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Illinois Milkweeds

PfPMilkweedBanner.jpg
 

 What are milkweeds?

 
​• Milkweeds are herbaceous (soft-stemmed), perennial plants.
• They usually have leaves paired or in whorls of four on the stem (exceptions exist).
• Most of them have white, milky sap (exceptions exist).
• Hourglass-shaped flowers are produced in an umbel (central point from which a group of flowers develop) at the stem tip or in the leaf axils in the upper part of the plant. 
• Flower color varies by species: white; pink; red; orange; green; red-purple; purple-pink.  
• The fruit that develops from the fertilized flower is a pod that contains seeds attached to floss (an exception exists).  
 

 How many types of milkweeds grow in Illinois habitats?

 
​• Twenty-four species of milkweeds are found in Illinois, but two of them are not native to the state. This number of species was obtained from Vascular Flora of Illinois: A Field Guide, Fourth Edition by Robert H. Mohlenbrock.
 

 Where do milkweeds grow in Illinois?

 
​• Some tend to live in wetlands. Others prefer woodland or prairie habitats. Some are generalists and can grow in most habitats.
 

 What is the relationship between milkweeds and monarch butterflies?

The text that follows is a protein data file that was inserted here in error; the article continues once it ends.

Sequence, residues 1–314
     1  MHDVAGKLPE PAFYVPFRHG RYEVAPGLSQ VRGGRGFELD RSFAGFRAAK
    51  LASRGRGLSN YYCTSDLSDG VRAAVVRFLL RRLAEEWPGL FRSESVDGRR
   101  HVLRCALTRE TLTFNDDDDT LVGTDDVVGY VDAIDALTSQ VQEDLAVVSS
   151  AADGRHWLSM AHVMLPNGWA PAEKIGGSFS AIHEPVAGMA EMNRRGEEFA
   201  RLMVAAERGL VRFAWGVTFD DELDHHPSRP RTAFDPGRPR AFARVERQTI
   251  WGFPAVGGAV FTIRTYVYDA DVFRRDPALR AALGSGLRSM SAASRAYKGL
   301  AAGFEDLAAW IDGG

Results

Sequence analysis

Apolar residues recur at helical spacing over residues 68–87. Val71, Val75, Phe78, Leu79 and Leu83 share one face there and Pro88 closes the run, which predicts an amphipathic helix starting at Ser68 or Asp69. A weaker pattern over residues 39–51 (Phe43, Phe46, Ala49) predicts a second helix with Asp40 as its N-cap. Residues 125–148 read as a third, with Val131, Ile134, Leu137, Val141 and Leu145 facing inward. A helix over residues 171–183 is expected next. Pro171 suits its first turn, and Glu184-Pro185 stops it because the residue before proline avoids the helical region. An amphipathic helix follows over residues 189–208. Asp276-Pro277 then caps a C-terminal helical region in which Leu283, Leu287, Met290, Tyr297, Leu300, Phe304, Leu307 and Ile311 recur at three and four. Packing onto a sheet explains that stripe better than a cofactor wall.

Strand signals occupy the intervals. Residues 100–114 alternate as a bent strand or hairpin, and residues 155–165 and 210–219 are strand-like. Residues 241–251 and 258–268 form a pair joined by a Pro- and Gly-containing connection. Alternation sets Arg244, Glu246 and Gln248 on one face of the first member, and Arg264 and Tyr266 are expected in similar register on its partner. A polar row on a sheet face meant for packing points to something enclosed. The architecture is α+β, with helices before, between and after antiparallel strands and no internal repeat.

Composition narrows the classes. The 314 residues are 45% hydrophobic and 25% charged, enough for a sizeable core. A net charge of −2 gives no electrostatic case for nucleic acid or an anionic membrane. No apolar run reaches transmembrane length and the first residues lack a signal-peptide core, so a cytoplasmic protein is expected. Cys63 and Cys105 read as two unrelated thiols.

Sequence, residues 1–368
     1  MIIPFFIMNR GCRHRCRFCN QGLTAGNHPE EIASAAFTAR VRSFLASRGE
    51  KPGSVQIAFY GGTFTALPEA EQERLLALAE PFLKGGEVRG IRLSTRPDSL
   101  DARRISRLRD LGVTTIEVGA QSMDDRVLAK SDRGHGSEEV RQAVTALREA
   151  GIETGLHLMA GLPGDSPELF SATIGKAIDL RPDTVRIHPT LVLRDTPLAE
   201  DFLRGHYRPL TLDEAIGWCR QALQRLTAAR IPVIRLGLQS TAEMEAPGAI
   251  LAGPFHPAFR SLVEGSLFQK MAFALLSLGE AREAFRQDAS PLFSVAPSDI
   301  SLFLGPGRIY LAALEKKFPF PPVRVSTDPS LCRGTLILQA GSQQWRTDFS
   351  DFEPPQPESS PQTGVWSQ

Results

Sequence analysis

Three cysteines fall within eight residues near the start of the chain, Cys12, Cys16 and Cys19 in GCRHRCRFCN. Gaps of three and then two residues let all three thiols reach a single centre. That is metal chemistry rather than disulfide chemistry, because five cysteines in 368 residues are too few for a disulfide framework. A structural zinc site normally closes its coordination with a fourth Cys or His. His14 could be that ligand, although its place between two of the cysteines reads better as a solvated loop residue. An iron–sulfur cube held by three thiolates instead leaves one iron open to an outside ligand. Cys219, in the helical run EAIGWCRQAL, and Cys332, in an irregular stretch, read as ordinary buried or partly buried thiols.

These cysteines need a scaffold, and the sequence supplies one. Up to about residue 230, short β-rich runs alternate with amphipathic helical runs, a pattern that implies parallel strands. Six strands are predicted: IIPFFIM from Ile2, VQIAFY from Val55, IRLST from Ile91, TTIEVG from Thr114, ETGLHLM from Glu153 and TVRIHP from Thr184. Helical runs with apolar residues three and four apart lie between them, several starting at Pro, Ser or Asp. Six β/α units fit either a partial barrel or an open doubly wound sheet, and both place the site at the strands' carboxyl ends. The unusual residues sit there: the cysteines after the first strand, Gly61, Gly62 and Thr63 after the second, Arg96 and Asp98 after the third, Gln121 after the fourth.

• Monarchs have a life cycle that includes four stages: egg; larva; pupa; and adult. Monarch larvae feed exclusively on milkweed plants of the genera Asclepias and Ampelamus. If there is no milkweed, there will be no monarchs.
• Female monarchs usually lay their eggs only on milkweed plants so that the larvae will have an immediate food source when they hatch from the egg. They find milkweeds by using visual and chemical cues.
• Monarch adults often visit milkweed flowers for the nectar they produce, but they are not restricted to these plants as the larvae are.
 

 Are milkweeds important to other pollinators, too?

 
​• Many pollinators visit milkweeds for their nectar. Nectar is a sweet solution produced by flowers to attract pollinators.
 

 How can some milkweed species be harmful to monarchs?

 
​• Two invasive milkweed species that are native to Europe have been growing in North America since the 1800s. Black swallow-wort (Vincetoxicum nigrum) can be found in Illinois. Pale swallow-wort (Vincetoxicum rossicum) grows in Illinois’ neighboring states of Indiana, Wisconsin and Missouri and may also be present in Illinois.
• They are known as "dead-end" hosts. Monarch larvae cannot eat them. The monarch larvae hatched from eggs on these plants will die. Experiments have shown that female monarchs will lay eggs on these nonnative plants even when native milkweeds are present in the same area.
• These two swallow-wort species also crowd out native milkweed plants, reducing native plant biodiversity and biodiversity of the animals that depend upon the native milkweeds.
• Both of these swallow-wort species are herbaceous vines with clear sap and opposite leaves. Black swallow-wort flowers are dark purple to black. Pale swallow-wort flowers range from pink to burgundy. Their seedpods contain seeds that are similar in appearance to those of common milkweed (Asclepias syriaca).
 

 Are there any endangered or threatened milkweed species in the state?

 
​• Currently, five species of milkweeds are listed as endangered in Illinois with one of those species also listed as threatened federally.